Volume 5, Issue 1
March 31, 2006
Continuing its pronouncements settling legal standards governing arbitration in Nevada, on March 30, 2006 the Supreme Court settled the nature of the review courts are permitted to undertake under two common law standards for review of private arbitration awards. In a labor arbitration matter upholding discharge of a schoolteacher for substandard performance, the Court examined the law applicable in judicial review of private arbitration awards under two common law grounds: (1) where the award is arbitrary, capricious, or unsupported by the arbitration agreement and (2) where the arbitrator manifestly disregarded the law. Recognizing the limited nature of the review permitted, in a manner the same as many other state courts, the opinion continues the Supreme Court's trend toward promotion of the finality of reasonable arbitration awards by limiting judicial review.
The first ground, as noted by the Court, "ensures that the arbitrator does not disregard the facts or the terms of the arbitration agreement." Accordingly, court review is limited to whether there was "substantial evidence in the record" before the arbitrator. The arbitrator had issued a seventeen-page award in which the factual underpinning of the award was discussed. The Court noted the arbitrator's award was supported by the "substantial evidence" laid out in the award and thus was not "arbitrary and capricious."
The second common law ground, "manifest disregard of the law," had previously been the subject of somewhat conflicting interpretations in Nevada, where some courts in the past had overturned awards based upon a particular judge's disagreement with the manner in which the arbitrator interpreted the law. To settle the law, the Supreme Court held that a court could overturn an award only when it shows the arbitrator "appreciates the significance of clearly governing legal principles but decide[s] to ignore or pay no attention to those principles." Courts cannot overturn an award where the judge believes the arbitrator did not correctly interpret the law, such as a statute. In the case at issue, the arbitrator cited the correct statute and discussed her interpretation of the statute. Accordingly, the arbitrator did not manifestly disregard the statute.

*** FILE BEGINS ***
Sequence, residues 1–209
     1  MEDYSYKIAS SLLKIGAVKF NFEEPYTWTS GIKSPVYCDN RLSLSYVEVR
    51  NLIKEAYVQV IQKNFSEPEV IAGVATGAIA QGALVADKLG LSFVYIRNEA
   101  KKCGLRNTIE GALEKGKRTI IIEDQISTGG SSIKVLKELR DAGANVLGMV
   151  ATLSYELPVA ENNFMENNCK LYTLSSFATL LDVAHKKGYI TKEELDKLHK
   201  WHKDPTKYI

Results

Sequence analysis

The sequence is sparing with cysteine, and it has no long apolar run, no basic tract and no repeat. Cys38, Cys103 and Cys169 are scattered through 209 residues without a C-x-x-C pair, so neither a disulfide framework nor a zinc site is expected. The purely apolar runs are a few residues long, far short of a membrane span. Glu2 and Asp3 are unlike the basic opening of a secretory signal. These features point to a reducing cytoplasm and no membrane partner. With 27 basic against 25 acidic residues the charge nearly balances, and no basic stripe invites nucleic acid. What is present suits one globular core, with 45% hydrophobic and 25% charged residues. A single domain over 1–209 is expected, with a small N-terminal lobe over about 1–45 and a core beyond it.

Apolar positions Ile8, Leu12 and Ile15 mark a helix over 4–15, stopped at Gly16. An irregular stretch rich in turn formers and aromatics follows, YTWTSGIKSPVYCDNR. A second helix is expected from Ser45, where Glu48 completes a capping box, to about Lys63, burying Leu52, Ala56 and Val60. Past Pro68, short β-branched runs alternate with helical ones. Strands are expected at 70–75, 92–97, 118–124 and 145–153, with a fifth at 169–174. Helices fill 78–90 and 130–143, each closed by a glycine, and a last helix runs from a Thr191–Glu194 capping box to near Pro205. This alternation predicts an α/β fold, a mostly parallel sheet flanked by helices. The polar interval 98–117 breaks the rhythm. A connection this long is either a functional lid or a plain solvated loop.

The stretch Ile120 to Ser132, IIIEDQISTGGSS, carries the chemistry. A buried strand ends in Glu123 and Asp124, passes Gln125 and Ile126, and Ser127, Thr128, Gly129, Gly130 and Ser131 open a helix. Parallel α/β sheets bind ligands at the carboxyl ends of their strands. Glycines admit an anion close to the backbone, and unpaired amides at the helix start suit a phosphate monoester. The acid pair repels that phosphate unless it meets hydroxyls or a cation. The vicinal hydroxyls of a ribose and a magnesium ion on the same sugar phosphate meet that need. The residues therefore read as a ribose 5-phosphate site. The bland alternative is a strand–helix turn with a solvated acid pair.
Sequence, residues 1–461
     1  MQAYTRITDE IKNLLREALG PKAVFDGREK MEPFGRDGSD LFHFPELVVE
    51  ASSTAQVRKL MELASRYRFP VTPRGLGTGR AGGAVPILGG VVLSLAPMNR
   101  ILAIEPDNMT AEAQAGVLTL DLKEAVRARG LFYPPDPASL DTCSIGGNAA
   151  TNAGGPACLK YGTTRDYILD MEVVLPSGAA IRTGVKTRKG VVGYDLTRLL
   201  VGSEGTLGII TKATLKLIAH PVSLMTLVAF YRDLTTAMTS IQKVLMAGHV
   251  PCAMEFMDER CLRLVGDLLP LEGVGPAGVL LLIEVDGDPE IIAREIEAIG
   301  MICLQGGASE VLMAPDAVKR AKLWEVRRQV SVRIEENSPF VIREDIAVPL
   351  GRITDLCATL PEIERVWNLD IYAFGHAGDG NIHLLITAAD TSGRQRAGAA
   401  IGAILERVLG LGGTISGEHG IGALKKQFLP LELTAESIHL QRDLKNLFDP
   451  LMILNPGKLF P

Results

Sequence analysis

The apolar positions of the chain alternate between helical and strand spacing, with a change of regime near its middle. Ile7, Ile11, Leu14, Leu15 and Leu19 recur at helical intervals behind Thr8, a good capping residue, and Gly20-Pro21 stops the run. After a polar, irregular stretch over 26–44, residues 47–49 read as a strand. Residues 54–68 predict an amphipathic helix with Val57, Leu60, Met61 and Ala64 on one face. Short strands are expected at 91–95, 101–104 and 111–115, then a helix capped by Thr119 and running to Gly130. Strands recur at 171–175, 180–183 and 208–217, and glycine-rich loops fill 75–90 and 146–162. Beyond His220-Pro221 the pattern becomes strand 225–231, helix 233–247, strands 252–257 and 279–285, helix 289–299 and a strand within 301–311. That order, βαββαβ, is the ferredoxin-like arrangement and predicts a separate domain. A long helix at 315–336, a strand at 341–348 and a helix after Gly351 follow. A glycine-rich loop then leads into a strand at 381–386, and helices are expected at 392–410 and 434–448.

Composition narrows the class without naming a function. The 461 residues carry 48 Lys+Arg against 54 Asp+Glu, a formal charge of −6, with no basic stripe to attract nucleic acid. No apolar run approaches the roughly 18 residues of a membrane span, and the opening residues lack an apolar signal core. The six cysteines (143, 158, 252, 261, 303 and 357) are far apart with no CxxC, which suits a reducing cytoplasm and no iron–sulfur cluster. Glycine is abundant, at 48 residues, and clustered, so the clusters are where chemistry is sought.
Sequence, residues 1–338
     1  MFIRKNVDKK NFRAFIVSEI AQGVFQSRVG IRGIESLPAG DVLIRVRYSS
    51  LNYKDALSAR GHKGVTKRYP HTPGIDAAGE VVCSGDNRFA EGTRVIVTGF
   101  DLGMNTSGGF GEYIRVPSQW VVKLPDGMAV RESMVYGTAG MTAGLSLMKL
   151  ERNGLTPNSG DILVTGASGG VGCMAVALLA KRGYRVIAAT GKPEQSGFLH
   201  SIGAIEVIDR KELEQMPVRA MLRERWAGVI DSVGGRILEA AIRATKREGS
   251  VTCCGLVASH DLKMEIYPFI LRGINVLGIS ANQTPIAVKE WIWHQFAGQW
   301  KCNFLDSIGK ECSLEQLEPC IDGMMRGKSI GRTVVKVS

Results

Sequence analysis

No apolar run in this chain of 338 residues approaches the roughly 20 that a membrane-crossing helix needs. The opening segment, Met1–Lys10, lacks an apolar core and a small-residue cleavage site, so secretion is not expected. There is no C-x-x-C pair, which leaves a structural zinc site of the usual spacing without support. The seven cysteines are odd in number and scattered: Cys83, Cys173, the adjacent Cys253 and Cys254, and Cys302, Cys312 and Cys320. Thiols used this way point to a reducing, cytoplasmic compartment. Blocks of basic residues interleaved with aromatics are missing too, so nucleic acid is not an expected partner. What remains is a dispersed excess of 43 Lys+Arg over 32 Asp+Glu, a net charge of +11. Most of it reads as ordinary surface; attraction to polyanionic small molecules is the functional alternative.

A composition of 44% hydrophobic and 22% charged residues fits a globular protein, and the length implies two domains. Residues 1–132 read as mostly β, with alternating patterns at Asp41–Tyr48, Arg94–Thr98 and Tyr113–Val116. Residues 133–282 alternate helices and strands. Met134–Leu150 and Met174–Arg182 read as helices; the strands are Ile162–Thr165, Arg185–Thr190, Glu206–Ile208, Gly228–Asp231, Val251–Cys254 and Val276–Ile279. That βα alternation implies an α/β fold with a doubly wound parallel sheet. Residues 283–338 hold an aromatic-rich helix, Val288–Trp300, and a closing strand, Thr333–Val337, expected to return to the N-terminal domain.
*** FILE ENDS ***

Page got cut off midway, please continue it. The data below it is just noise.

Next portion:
This case has applicability not just with private labor arbitration, but applies to any private arbitration proceeding. It clearly endeavors to promote the finality of arbitration, for those who have selected that means of dispute resolution, by settling the law limiting when such awards can be overturned.
Clark County Education Association v. Clark County School District, 122 Nev. Adv. Op. No. 30, ___ P.3d ___ (March 30, 2006).
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